Wednesday, February 15, 2012

"You Are Welcome"

These are likely to be the first words you hear when you are going to Nigeria.  Whether it's on the plane en-route, or at customs and immigration, somebody will tell you "you are welcome." This is one of the wonderful things about Nigeria.  The people are for the most part very friendly and warm, and will greet perfect strangers with open arms.  Your first experience with Nigerian food probably has already happened on the plane if you flew Delta, so we won't get into that yet.  Let's start with getting through the airport (Murtala Muhammed in Lagos).

If by some freak chance you've gotten some Naira (Nigerian money) before coming, you want to have a couple of bills handy just to speed your way through things if you get stuck somewhere.  Nothing big, I prefer the 500 notes (as of today, about $3.25) as they're small enough not to hurt when you have to use them, and big enough not to get you into more "wahala" (trouble).  Keep em in your pocket, don't have them out though or they'll disappear faster than you can say "what do you have for me today?"  Have your passport and the two forms handy when you get in line, you won't need the white one for a little bit, but the next couple people you see will want the blue one to look at, sign and hang on to.  Unless your visa is totally screwed up, you're likely to breeze right through the passport check after answering the standard questions of "what do you do?" and "how long are you staying?"  If you're coming here for work for the first time, you should have been given a massive sealed envelope.  DO NOT, repeat, DO NOT OPEN IT TO SEE WHAT'S IN IT!!!  It's critical that it stays sealed for some reason.  I have no idea what's in it either, and nobody else I've ever talked to has any idea either.  Just think of yourself as a diplomatic courier with the "secret papers."  Which, for all I know, maybe more true than I realize, since no two of these envelopes seem to be the same size.  Anyway, you'll be asked about this envelope by the passport control guys, to make sure you have it and it's still sealed.  After that, head on down to the crush of people and get your bags.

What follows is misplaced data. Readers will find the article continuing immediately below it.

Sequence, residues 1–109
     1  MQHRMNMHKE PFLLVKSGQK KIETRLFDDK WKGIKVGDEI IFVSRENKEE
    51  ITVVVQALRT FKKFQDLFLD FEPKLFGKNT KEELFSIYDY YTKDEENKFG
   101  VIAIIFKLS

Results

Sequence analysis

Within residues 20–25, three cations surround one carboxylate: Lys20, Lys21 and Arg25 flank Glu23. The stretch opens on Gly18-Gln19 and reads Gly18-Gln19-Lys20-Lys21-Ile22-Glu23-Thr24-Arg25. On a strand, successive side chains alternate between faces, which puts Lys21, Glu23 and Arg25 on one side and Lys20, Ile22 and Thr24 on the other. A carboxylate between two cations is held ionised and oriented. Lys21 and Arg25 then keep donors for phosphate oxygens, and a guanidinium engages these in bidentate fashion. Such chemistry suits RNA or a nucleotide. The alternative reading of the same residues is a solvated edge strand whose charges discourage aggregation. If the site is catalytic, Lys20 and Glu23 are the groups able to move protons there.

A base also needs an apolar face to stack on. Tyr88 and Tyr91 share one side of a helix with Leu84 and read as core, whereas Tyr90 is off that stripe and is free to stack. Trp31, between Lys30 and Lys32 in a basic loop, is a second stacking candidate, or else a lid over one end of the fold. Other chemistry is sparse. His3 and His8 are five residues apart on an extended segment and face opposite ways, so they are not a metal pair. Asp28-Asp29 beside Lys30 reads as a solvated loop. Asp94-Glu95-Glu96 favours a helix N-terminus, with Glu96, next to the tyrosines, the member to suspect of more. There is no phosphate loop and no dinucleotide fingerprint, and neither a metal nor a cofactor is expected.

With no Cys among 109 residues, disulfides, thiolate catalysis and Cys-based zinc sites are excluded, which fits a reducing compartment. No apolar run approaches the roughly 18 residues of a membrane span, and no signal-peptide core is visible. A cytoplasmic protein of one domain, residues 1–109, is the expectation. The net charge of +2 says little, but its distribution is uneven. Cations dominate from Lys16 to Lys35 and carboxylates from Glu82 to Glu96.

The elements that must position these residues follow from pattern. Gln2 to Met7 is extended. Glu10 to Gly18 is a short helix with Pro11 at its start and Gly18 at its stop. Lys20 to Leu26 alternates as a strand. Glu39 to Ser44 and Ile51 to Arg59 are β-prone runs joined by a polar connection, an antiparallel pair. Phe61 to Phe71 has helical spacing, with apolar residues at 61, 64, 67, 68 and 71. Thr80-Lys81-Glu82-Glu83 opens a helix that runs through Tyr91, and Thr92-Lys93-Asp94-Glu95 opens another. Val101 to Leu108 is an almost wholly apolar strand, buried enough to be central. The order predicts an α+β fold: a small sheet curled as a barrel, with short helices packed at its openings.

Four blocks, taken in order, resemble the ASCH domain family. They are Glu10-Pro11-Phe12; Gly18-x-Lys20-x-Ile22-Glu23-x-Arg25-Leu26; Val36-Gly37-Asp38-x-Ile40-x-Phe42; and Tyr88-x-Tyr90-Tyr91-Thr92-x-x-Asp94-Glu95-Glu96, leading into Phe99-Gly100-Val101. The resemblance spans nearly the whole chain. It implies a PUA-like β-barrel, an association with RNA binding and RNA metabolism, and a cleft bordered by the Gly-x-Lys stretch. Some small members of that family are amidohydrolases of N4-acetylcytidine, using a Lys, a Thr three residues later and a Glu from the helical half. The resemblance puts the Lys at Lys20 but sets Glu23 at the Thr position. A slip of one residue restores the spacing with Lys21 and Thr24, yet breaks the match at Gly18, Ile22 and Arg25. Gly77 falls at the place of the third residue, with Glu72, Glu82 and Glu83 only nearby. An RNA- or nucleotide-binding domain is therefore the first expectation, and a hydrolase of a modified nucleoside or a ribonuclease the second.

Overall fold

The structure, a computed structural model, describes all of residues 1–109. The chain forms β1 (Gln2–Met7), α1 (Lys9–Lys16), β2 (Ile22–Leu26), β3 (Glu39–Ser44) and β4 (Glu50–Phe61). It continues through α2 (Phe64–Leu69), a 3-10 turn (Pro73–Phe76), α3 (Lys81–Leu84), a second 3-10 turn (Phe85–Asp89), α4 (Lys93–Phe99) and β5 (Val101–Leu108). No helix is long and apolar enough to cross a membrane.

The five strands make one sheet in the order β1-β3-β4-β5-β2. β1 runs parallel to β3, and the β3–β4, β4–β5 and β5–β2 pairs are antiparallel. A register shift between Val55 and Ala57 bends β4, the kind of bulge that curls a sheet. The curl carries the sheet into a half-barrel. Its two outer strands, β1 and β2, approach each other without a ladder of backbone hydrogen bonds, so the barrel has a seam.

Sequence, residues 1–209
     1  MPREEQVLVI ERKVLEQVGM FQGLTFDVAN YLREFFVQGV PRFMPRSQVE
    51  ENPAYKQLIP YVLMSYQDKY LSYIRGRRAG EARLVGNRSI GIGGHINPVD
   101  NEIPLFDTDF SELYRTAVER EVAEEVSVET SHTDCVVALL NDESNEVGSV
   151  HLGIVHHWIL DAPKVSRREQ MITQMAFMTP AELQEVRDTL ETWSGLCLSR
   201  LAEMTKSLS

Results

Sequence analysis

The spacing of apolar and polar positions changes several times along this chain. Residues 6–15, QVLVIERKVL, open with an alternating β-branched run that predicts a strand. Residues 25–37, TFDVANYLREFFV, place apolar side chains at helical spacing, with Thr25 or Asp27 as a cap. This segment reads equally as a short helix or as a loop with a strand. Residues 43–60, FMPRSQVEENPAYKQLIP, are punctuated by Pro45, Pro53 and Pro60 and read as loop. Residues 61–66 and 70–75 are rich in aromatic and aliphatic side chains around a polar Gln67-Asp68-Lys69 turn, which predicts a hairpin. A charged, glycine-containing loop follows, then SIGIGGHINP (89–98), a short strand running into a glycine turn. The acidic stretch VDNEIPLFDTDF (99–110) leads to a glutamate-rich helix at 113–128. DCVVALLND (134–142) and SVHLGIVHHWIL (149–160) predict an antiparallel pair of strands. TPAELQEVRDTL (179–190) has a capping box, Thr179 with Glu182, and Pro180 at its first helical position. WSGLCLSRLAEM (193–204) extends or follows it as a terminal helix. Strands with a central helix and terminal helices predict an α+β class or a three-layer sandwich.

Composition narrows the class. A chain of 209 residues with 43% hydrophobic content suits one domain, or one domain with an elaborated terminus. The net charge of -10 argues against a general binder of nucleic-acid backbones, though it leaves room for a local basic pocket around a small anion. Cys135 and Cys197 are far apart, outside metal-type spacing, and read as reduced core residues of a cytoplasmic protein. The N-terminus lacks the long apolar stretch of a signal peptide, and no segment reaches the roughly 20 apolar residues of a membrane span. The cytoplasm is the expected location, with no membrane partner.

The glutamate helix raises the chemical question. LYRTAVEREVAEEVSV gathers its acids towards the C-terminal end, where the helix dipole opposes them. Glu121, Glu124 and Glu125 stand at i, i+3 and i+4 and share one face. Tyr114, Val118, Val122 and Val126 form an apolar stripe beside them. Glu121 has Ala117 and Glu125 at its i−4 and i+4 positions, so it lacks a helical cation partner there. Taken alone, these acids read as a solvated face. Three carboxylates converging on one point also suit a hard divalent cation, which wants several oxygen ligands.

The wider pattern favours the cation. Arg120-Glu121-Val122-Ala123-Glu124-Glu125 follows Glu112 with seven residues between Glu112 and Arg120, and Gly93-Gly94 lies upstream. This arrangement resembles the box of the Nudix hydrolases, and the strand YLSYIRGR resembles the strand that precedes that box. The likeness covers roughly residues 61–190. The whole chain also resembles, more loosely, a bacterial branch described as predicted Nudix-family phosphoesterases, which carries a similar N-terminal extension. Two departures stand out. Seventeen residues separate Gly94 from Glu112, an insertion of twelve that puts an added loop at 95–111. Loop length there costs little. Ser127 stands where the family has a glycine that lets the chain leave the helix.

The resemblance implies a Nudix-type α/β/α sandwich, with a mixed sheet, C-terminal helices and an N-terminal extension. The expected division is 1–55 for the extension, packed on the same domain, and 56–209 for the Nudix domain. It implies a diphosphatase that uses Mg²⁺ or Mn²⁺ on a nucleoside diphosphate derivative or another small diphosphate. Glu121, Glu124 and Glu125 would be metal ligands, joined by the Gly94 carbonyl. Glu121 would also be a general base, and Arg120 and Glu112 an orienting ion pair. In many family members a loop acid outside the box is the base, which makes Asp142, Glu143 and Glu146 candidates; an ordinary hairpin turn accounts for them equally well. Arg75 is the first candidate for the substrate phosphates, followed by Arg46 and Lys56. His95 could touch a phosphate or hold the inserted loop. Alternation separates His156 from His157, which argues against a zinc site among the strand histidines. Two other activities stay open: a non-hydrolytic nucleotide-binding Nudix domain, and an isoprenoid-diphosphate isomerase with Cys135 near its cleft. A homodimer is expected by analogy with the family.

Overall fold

If you have more than two checked bags, things are going to get awfully interesting for you pretty quick.  You DO NOT want to do this the first time through with no feel for how things work... and you will wonder why you didn't listen to me on this one.  Also, the bigger your bag, the more likely you are to have it "checked for contraband."  This means any mechanical parts (that your company decided you should take with you for your boat/rig/office/etc)*, any ...ahem... artistic magazines (semi-muslim country here), and any medications will be the targets of the search.  Remember I said previously that Tylenol is illegal here?  You're about to be reminded again if you forgot.  While you're waiting on your bags, get your shot record out and ready, you'll need it, your passport and the white card soon.  Grab your bags and if you need a porter, they'll probably already be there for you (again N500 - 1000 depending on how many bags).   Head toward the doors and expect to get stopped by the actual Customs Inspectors who are going to be looking for that contraband in your bags.  They'll ask you if you have anything for them at this stage, and if you would rather not have your bag dumped on the floor, now would be a good time to give your first "gift."  One caveat to this, if you can manage to look like you know what you're doing and don't have big bags, you'll probably breeze by without being stopped.  Congrats, you've made it through the customs inspection, now get ready for your shot card and financial declaration (the white card) checks.

If you don't have your Yellow Fever vaccination, this is the "Do Not Pass Go" stage, you'll be taken away for the next flight back to wherever you came from, unless you get it done there (not suggested).  I understand it is totally possible to "dash" your way out of this one, however, I have never seen this happen.  This is one of the few times that I will give actual advice on what to do... don't risk catching Yellow Fever, get the vaccination before you come, and DON'T try to bribe your way out of this one!!!  Possibly while the health inspector is looking it over, the financial declaration guy will come by and you can kill two birds with one stone.  I've never heard of anyone being stopped by the card guy for any longer than it takes to hand it to him, but then again, I've never tried to bring wads of money in or out of Nigeria.  After both of those are done, you can head outside...

You've got one last check when you head out.  Nigeria, and for that matter, most of Africa, still does baggage claim ticket checks, so make sure you have that handy on your way out the door and you're good to go.  If he hasn't shown up already, your company's protocol officer should be waiting around there and can help with issues and will get you on your way to the hotel or your boat.  99% chance that you'll have a MoPol with his AK riding shotgun for you to keep you out of harms way as you head to where you're going.  Get settled in to your hotel and welcome to Nigeria!

*Once you've got things figured out for how this works, if you want to cause heartbreak, pack large rubbermaid containers full of American food that you miss when you're working here.  The inspectors ALWAYS think it's ships parts and tools (which carry a hefty fine for importing without paying duty that they get a percentage of for the find) and as soon as you open it for them and they see it's just food, you will have done your torture for the day.

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